Hallowed Be Your Name


As divine revelation, the Lord’s Prayer reflects the priorities God wants us to have when we pray. We do well to make the emphasis of Christ our own when we come before the heavenly throne.

“Hallowed be your name” (Luke 11:2a).

In today's study of the Lord’s Prayer, we need to remember that these treasured words of Jesus are a model for structuring our prayer life. As divine revelation, the Lord’s Prayer reflects the priorities God wants us to have when we pray, and we do well to make the emphasis of Christ our own when we come before the heavenly throne.

Today we look again at Luke 11:2a, where Jesus says to His Father: “hallowed be your name.” Many of us probably think this statement is simply part of the opening address, making it seem that Jesus is only saying that the Father is set apart and holy. While the attribute of holiness is intrinsic to God’s nature (Isa. 6:3), this part of the Lord’s Prayer is a petition, not an assertion of the divine character. Jesus is asking that the Lord’s name be hallowed — that it be regarded as holy by men on earth.

To make this our first petition in prayer was no accident on the part of Jesus. In fact, the hallowing of God’s name is the basis for His kingdom coming and His will being done on earth as it is in heaven (v. 2b; Matt. 6:10). The Father’s realm will not come in its fullness wherever His name is not regarded as holy. When the kingdom comes in all its glory at the consummation, the Almighty’s name will be set apart as holy by all men when they bow to honor King Jesus (Phil. 2:9–11).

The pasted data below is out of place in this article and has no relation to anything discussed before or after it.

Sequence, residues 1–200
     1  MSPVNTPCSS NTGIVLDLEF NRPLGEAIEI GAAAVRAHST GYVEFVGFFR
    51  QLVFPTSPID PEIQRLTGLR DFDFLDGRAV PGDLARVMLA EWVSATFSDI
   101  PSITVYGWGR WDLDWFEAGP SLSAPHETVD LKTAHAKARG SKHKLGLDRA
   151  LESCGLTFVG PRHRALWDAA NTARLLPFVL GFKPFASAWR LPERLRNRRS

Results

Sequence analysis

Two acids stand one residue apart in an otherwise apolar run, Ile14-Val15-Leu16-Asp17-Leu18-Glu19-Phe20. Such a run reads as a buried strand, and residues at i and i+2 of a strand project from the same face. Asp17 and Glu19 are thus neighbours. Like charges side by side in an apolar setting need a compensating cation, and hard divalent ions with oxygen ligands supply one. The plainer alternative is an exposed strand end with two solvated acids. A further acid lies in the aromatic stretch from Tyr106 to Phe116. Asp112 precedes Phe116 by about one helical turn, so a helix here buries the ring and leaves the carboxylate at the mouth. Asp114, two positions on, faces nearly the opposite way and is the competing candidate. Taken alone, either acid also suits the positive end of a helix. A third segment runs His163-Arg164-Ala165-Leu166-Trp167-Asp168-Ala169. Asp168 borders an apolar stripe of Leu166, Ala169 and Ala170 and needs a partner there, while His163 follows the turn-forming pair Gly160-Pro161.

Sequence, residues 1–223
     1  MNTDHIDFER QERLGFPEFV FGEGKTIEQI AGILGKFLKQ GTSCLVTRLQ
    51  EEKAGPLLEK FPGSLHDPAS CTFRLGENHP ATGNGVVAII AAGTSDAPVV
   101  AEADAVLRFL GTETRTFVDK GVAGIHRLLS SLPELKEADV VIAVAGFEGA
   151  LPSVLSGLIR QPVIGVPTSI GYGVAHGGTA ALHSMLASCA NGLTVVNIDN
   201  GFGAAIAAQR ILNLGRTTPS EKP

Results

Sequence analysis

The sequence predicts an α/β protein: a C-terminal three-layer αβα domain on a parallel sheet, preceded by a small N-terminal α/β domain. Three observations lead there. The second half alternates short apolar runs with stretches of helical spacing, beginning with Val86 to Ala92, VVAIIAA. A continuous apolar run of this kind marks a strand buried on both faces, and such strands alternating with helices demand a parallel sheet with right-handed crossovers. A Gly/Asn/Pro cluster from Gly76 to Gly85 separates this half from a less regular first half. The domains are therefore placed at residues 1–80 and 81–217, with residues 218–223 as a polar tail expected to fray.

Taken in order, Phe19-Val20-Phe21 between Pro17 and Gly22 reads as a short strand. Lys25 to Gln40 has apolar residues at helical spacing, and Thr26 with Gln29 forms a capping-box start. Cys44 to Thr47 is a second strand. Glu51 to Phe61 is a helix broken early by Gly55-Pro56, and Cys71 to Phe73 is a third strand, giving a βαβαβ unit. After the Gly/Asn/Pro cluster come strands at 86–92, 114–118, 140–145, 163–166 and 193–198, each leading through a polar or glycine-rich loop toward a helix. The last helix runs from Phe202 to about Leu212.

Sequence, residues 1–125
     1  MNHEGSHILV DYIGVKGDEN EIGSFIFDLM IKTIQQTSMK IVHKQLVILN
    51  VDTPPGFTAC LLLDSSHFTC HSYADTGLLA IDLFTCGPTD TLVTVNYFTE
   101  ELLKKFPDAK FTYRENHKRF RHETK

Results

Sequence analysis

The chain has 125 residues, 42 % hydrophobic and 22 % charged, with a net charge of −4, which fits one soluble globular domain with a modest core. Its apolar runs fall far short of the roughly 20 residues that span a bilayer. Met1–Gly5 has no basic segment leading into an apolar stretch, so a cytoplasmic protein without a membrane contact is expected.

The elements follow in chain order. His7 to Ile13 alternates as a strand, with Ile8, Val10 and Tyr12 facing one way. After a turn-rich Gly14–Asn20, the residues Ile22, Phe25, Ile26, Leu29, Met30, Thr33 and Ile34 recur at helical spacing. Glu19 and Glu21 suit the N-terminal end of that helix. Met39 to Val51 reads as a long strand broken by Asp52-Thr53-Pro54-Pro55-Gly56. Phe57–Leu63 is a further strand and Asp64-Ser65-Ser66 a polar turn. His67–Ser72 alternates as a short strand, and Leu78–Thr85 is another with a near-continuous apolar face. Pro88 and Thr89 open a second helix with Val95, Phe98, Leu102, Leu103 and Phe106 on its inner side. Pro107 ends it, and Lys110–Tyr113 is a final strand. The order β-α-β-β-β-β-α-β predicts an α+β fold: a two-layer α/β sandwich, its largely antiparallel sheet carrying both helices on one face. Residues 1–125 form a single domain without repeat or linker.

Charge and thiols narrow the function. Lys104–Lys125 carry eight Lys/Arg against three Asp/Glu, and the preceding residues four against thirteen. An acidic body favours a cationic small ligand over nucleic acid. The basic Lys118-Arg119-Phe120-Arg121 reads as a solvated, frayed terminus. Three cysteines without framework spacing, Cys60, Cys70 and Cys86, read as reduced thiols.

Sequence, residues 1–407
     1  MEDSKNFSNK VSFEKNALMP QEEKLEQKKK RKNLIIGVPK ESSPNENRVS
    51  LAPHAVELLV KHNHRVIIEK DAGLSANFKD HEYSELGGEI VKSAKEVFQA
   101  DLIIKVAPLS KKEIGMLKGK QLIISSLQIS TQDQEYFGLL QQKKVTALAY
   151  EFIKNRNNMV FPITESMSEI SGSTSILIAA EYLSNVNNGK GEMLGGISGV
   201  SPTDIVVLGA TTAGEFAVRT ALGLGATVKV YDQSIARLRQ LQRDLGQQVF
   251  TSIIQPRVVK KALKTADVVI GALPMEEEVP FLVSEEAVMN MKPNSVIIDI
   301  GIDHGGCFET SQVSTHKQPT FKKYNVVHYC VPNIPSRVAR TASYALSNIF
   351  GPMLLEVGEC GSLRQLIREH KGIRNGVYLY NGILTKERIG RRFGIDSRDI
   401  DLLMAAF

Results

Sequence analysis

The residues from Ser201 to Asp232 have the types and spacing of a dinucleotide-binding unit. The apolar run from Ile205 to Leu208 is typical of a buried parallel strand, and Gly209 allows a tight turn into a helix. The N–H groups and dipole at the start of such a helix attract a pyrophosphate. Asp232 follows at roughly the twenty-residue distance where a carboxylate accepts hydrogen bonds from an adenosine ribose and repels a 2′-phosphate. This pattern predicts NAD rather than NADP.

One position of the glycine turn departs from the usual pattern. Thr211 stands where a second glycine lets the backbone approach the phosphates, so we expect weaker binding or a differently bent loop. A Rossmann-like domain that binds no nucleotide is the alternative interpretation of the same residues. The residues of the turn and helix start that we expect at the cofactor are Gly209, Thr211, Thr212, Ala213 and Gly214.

Our culture finds the hallowing of God’s name an utterly foreign concept. Even though television shows increasingly allow for coarse language, broadcast networks still ban most graphically sexual phrases. This is not so with the misuse of the Lord’s name. Outright blasphemy is permitted in the name of entertainment and “reality.”

Honoring the name of God is more than just speaking words, it actually involves everything we do in life. We do not have the space to discuss all these ramifications, but note that our mouths have a particularly clear way of revealing what is on our hearts (Matt. 12:34b). If we do not have a high view of the Lord, it will be evident in how we speak to and about Him.

Coram Deo

The prohibition against taking the Lord’s name in vain (Deut. 5:11) includes more than direct blasphemy. Many of the passages for today’s further study show that we blaspheme when we claim to follow God and then flagrantly disobey Him. Take some time today to consider how your words match your deeds. Be encouraged if you try to practice what you preach. If there is a disconnect between your words and actions, spend time in repentance today.

Passages for Further Study

  • Pss. 102; 113 
  • Amos 2:6–8 
  • Micah 4:5 
  • 2 Tim. 2:19


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